Monday, January 24, 2011


You don’t need to understand how a semiconductor works to use a computer. Likewise, you don’t need to fully understand how the credit system works to realise that our economic woes have something to do with these numbers.

Lets analysis these figures;
· Over the past 10 years the money supply has expanded by between 90% and 136%
· Since November 2007 the rate of expansion has decreased (but was still growing)
· M0 shows a growth rate of 1% in the past 4 months. M1 & M2 has decreased and M3 is flat.
· House prices grew at the same rate as M1until they peaked in the last quarter of 2006. They are up less than 10% over the decade.
· HICP was steady at 2% most of the past 10 years

Some Questions;
· How does the amount of money increase?
· Where does it come from?
· How does more money in the system affect me?
· Is it good or bad for me if there is a reduction in the amount of money in the system?
· If the ECB has an inflation target of less than 2% why did they allow the money supply to expand by over 4 times that? Can they not control this through interest rates and capital requirements? Did they not know it may be causing bubbles in Irish and Spanish property?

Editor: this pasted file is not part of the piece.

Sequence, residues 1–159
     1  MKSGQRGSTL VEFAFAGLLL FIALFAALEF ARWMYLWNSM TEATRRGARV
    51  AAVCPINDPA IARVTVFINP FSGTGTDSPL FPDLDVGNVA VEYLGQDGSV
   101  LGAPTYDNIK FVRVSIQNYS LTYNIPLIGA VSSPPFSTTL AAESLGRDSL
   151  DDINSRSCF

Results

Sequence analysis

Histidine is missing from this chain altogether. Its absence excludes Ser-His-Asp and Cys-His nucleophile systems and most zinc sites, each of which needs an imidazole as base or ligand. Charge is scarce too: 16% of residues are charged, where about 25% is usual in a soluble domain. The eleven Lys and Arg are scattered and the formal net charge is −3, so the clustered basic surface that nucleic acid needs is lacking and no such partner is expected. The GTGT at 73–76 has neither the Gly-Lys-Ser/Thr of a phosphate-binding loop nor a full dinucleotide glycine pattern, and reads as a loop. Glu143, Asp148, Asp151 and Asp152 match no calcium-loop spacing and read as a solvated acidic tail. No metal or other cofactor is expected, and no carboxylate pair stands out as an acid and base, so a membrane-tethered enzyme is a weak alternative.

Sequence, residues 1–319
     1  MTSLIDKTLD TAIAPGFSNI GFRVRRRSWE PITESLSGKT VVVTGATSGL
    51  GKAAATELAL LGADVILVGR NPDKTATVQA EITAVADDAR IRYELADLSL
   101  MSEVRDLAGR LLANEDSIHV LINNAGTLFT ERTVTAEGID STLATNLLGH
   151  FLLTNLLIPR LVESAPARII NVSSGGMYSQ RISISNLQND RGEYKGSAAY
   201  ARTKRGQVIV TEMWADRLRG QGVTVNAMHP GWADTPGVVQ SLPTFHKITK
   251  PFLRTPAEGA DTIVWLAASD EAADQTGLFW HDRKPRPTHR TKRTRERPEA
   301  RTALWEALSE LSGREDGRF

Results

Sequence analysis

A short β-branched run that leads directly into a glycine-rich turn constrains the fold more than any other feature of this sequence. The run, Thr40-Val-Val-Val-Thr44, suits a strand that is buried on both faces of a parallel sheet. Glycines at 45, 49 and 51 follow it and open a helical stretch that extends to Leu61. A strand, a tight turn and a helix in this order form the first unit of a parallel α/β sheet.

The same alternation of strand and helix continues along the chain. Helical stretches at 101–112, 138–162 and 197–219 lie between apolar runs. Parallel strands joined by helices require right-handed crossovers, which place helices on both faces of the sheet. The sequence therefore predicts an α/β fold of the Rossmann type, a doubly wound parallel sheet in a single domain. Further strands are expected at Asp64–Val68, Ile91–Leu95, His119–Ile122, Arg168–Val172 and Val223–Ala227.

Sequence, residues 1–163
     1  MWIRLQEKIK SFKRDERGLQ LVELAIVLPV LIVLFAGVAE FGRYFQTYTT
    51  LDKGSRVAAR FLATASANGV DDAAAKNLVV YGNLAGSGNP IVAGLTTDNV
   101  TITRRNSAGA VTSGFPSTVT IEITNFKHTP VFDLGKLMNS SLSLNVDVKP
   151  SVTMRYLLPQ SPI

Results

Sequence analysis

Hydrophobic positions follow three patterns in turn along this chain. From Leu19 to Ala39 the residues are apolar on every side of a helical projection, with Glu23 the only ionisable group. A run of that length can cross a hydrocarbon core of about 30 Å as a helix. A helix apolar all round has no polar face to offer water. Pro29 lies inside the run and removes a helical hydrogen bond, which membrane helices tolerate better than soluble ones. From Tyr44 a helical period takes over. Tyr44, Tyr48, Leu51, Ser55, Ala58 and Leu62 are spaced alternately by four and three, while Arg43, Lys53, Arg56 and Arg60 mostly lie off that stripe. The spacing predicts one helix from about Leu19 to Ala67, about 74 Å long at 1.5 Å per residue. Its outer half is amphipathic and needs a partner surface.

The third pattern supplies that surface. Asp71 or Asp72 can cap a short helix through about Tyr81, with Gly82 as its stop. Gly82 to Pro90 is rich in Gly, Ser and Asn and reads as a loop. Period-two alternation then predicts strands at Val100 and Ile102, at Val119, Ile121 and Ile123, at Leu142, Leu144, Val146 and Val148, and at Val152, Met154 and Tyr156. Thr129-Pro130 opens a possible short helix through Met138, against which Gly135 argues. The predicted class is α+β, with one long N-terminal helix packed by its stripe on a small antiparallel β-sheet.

The above money supply data resembles a 4 carriage train going up a steep hill slowing as it peaked. Is it about to go down the other side? Here is what Steve Keen, the economist that I think best understands the flow of money says;

“The initial borrowing by the shadow banking sector from the banks creates both money and debt;
The money onlent by the shadow banking sector to other sectors of the economy creates debt to the shadow banking sector, but not money
I frequently get the argument that debt within the financial sector can be netted out to zero, but I think this ignores those two factors above: the creation of additional debt-backed money by the initial loan, and the creation of further debt to the financial sector—most of which has been used to fund asset bubbles rather than productive investment.” Steve Keen